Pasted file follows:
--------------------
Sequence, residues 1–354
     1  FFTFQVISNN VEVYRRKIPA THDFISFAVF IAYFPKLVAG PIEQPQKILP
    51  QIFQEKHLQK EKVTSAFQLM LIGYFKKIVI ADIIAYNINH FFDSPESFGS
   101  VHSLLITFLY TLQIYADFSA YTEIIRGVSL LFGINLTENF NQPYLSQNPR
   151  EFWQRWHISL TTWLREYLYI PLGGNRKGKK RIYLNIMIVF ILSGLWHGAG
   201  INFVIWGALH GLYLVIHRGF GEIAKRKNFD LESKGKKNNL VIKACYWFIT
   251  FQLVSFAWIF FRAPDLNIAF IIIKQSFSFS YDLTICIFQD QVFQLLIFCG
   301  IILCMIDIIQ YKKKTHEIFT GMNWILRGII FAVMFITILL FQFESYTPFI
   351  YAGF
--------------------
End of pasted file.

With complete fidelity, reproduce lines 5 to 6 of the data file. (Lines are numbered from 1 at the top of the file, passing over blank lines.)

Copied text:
   151  EFWQRWHISL TTWLREYLYI PLGGNRKGKK RIYLNIMIVF ILSGLWHGAG
   201  INFVIWGALH GLYLVIHRGF GEIAKRKNFD LESKGKKNNL VIKACYWFIT